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Title: Comparing patterns of taxonomic, functional and phylogenetic diversity in reef coral communities
Authors: Joy Wong Shu Yee
Emily S Darling
Huang Danwei 
Keywords: Biodiversity
Community assembly
Functional traits
Species richness
Issue Date: 1-Sep-2018
Publisher: Springer Verlag
Citation: Joy Wong Shu Yee, CHAN YONG KIT, SAMUEL, NG CHIN SOON LIONEL, TUN PHYU PHYU, KARENNE, Emily S Darling, Huang Danwei (2018-09-01). Comparing patterns of taxonomic, functional and phylogenetic diversity in reef coral communities. Coral Reefs 37 (3) : 737–750. ScholarBank@NUS Repository.
Rights: Attribution-NonCommercial-NoDerivatives 4.0 International
Abstract: Biodiversity defines the variety of living organisms on this planet and is often quantified by the total number of species. However, species richness is insufficient in accounting for the differences in evolutionary history and the functions species contribute to the ecosystem. To address this shortcoming, phylogenetic diversity and functional diversity are increasingly being quantified and studied to inform ecological theory and conservation prioritisation. For scleractinian reef corals, congruence, mismatch and complementarity among different biodiversity components remain unknown, but recently available trait and phylogenetic data provide a robust test of these relationships. Here, we examine the taxonomic, functional and phylogenetic diversity of corals across a gradient of diversity in Singapore. Relationships among the biodiversity components at 25 reef sites are compared to identify patterns of mismatch or congruence for testing the precision of using one as a proxy for another. Furthermore, we examine community assembly of corals using null models derived from randomised community data. Our results show that correlations among biodiversity components are generally positive but weak, with species-dependent (non-abundance-weighted) metrics more strongly correlated with one another than species-independent (abundance-weighted) measures. No single biodiversity component could predict another precisely to be used as a reliable proxy for coral communities. Therefore, if trait diversity and evolutionary history were to be set as conservation targets, it is essential to maximise functional diversity and phylogenetic diversity explicitly when identifying areas or assemblages for management. Null models reveal the presence of more-than-expected similarities in trait combinations and evolutionary relationships among species in most reef communities. These findings suggest that environmental filtering under high levels of coastal development and sedimentation may be associated with coral community composition on Singapore’s reefs. Our approach provides new insights into the relationships between different components of coral diversity and has important applications for marine conservation planning.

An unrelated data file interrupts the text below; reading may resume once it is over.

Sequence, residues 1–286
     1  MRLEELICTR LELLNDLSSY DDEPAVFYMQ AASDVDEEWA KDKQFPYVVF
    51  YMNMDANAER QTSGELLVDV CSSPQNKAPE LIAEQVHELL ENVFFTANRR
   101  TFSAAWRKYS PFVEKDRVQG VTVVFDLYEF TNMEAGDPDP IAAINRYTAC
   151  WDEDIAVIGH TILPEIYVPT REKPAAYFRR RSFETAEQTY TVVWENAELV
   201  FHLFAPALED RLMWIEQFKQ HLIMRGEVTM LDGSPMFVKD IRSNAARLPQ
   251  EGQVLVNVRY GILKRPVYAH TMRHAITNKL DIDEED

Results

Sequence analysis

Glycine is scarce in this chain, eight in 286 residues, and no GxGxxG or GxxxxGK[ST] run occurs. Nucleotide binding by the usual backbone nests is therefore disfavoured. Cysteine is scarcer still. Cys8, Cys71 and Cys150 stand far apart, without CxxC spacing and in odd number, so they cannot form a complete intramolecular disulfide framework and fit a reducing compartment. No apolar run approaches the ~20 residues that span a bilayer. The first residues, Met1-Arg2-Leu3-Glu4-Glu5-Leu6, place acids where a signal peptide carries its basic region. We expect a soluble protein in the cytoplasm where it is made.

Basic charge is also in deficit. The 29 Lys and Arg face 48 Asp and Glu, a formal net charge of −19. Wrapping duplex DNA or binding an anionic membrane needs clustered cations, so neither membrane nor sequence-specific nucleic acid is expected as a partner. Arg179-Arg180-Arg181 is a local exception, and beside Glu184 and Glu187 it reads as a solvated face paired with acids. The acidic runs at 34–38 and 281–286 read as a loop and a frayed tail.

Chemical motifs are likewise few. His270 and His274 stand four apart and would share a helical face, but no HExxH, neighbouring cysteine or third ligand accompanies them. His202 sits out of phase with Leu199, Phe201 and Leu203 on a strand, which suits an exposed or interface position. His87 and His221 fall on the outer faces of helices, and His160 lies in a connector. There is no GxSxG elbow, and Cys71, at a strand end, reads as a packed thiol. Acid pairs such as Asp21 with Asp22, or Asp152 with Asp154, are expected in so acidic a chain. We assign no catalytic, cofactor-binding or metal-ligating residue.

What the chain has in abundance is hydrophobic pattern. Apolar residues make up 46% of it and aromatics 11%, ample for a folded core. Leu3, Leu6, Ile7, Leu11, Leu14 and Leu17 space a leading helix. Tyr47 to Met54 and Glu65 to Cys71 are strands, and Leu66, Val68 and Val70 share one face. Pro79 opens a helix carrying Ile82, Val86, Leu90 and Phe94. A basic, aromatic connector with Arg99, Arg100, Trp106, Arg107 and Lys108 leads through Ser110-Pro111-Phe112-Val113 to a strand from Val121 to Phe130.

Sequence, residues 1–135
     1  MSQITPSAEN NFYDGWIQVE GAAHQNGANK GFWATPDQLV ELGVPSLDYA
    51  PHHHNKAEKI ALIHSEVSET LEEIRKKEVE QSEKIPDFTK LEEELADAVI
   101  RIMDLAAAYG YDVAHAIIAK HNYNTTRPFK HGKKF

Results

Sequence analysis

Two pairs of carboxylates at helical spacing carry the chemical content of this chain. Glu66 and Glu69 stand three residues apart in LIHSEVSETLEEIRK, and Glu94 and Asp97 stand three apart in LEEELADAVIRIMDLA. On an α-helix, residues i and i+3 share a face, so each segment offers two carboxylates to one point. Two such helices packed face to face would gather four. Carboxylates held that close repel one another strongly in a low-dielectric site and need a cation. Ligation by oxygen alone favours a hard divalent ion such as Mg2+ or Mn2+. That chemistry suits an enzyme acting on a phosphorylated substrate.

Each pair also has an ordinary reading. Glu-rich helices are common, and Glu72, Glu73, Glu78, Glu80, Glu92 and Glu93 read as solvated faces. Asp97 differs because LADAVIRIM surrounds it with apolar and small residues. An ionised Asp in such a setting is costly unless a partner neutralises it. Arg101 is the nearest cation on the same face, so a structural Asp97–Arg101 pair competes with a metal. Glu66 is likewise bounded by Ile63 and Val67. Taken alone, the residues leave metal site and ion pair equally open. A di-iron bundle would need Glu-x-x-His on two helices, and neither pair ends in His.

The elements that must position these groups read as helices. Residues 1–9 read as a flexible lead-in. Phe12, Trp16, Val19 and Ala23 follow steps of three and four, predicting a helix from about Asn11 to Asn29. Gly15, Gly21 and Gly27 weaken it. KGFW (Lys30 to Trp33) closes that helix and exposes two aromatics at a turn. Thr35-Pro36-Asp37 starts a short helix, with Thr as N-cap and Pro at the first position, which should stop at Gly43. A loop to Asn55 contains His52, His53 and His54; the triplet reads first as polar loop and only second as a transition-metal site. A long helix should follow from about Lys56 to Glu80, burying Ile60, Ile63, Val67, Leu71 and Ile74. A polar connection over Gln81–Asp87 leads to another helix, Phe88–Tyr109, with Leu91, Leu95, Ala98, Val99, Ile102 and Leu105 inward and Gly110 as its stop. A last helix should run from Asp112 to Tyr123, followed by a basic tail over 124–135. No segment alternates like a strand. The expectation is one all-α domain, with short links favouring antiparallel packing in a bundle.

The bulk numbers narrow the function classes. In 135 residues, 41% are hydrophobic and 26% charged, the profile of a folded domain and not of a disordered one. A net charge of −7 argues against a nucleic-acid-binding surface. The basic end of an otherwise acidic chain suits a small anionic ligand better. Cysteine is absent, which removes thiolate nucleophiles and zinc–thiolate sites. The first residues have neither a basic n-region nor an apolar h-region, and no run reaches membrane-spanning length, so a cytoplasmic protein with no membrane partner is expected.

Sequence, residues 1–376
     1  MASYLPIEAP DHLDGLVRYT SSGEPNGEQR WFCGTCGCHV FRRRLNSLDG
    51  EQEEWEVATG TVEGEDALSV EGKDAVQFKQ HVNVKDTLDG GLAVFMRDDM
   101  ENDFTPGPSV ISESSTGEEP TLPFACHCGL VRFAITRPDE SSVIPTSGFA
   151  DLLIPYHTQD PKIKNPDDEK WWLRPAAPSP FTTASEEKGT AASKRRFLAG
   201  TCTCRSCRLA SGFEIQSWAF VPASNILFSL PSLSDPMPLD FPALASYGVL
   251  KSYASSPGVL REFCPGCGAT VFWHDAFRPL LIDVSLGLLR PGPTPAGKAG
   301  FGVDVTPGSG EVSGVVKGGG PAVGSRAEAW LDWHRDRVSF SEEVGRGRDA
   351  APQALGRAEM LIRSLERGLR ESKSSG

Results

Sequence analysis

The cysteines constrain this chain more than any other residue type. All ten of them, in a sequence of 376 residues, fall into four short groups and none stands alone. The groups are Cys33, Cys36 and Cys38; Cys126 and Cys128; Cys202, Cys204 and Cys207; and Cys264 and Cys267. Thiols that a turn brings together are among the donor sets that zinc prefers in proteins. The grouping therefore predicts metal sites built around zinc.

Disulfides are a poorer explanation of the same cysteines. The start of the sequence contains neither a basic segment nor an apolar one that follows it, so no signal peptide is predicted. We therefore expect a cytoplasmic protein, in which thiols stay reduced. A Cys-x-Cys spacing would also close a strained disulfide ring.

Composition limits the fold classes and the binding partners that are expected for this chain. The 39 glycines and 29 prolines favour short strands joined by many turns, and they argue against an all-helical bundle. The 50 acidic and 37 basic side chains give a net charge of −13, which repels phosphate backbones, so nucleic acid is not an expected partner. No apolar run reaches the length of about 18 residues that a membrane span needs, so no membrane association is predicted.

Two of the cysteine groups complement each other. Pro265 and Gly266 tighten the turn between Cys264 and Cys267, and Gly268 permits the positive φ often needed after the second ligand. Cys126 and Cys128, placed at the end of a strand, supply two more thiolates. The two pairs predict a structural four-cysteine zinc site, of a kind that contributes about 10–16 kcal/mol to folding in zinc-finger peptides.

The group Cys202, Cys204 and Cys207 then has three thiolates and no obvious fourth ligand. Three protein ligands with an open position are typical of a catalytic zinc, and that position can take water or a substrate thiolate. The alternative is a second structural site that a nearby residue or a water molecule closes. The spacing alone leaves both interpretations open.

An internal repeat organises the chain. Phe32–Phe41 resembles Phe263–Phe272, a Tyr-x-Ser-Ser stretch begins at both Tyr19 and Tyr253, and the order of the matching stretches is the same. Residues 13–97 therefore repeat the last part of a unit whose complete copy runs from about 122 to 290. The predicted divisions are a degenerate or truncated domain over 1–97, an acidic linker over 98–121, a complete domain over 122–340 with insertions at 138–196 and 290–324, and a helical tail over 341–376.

Source Title: Coral Reefs
ISSN: 0722-4028
DOI: 10.1007/s00338-018-1698-6
Rights: Attribution-NonCommercial-NoDerivatives 4.0 International
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